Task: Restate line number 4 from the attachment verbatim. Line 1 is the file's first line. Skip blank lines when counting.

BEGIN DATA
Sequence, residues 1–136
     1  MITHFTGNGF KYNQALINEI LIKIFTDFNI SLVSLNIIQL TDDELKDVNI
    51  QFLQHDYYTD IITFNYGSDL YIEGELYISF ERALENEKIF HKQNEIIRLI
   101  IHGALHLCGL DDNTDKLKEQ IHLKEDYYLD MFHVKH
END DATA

   101  IHGALHLCGL DDNTDKLKEQ IHLKEDYYLD MFHVKH